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Activity: Matter Concept Map

NGSS Science and Engineering Practices:

NGSS Crosscutting Concepts:

NGSS Disciplinary Core Ideas:

Materials

  • Cards with basic chemical terms 
  • Tape
  • Large sheet of paper
  • Markers
  • Fig. 1.2
  • Fig. 1.3
  • Table 1.1

Procedure <p><strong>Fig. 1.2.</strong>&nbsp; A concept map created using the words moon, tides, wave, and ocean. Words are connected with arrows and words. Linking words form sentences between terms for example, “Tides <em>are a type of</em> Wave”.</p>

  1. Concept maps are used to describe patterns and connections between ideas (Fig. 1.2). Create a concept map of basic chemical terms.
    1. Before looking at Fig. 1.3 or Table 1.1, organize the basic chemical term cards in a concept map in a way that makes sense to you.
       
    2. Look at the pictures in Fig. 1.3. Referring to the pictures of different types of matter, rearrange your concept map as necessary.

       

    3. If needed, refer to Table 1.1 for definitions of basic chemical terms. Use this information to finalize your concept map.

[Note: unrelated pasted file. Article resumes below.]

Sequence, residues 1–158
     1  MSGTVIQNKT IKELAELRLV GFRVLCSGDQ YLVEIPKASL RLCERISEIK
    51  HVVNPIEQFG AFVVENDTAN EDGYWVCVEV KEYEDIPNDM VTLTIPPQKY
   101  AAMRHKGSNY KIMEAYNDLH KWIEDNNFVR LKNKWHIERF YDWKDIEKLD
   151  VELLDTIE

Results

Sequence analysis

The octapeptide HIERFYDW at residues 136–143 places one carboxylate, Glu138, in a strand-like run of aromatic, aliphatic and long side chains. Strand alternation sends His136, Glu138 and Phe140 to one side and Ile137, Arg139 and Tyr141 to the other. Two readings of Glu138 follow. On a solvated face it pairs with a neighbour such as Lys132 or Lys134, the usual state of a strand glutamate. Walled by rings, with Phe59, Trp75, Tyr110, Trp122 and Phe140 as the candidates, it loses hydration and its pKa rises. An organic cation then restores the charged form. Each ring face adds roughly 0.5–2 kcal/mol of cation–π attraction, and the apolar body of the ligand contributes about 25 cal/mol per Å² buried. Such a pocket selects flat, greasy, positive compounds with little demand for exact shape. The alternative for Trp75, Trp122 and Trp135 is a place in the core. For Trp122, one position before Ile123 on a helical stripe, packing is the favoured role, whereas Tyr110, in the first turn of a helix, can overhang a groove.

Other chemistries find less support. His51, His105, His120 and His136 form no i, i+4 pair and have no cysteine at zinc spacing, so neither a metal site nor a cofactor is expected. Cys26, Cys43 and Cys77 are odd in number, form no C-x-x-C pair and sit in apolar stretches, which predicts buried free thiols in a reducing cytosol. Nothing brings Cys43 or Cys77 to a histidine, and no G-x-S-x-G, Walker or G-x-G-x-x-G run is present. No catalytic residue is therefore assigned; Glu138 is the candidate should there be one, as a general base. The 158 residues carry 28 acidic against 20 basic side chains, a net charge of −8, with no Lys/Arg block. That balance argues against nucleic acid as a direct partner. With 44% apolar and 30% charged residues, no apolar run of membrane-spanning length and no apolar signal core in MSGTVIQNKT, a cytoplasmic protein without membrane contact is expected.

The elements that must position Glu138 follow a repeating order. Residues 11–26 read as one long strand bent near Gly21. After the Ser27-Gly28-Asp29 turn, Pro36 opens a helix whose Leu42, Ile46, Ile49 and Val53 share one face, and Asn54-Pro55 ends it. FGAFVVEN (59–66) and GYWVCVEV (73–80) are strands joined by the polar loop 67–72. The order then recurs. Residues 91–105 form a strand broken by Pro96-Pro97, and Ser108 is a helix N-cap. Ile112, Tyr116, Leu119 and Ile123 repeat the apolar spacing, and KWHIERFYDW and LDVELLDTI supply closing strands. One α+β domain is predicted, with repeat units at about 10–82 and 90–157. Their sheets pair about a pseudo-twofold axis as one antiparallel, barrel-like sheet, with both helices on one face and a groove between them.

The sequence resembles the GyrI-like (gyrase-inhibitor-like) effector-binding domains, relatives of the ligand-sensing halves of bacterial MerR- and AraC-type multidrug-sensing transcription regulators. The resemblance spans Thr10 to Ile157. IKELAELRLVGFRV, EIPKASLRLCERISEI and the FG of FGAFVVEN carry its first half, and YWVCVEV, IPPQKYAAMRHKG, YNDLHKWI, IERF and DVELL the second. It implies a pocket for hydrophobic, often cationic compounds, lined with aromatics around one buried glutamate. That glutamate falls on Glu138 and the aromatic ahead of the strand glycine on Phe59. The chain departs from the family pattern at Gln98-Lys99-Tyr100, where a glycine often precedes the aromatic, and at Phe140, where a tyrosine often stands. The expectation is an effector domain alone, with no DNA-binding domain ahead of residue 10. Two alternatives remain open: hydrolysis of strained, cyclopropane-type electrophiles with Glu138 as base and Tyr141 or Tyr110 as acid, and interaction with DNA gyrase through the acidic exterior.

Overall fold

4. Secure your card arrangement to a large sheet of paper with tape.
       
    5. To show the relationship between two terms, draw arrows between the terms. Write linking words on the arrows to create a short sentence.
       
  2. Share your concept map with your class.

     

Activity Questions: 
  1. How did you create your concept map? What steps did you take to reach your final product?
     
  2. What information—terms, pictures, or definitions—did your group find the most valuable when creating your concept map? Why?
     
  3. Which types of matter were easy to categorize or define visually? Which types of matter did you need more than visual information to categorize?
     
  4. After viewing your classmate’s concept maps, did you discover any new ways of organizing matter categories? If after the class discussion you wanted to modify your original concept map, describe how you would rearrange your terms.
     
  5. Can matter change from one category to another? For example, can a compound change to an element? How would you test your prediction?

Table of Contents:

Exploring Our Fluid Earth, a product of the Curriculum Research & Development Group (CRDG), College of Education. University of Hawaii, 2011. This document may be freely reproduced and distributed for non-profit educational purposes.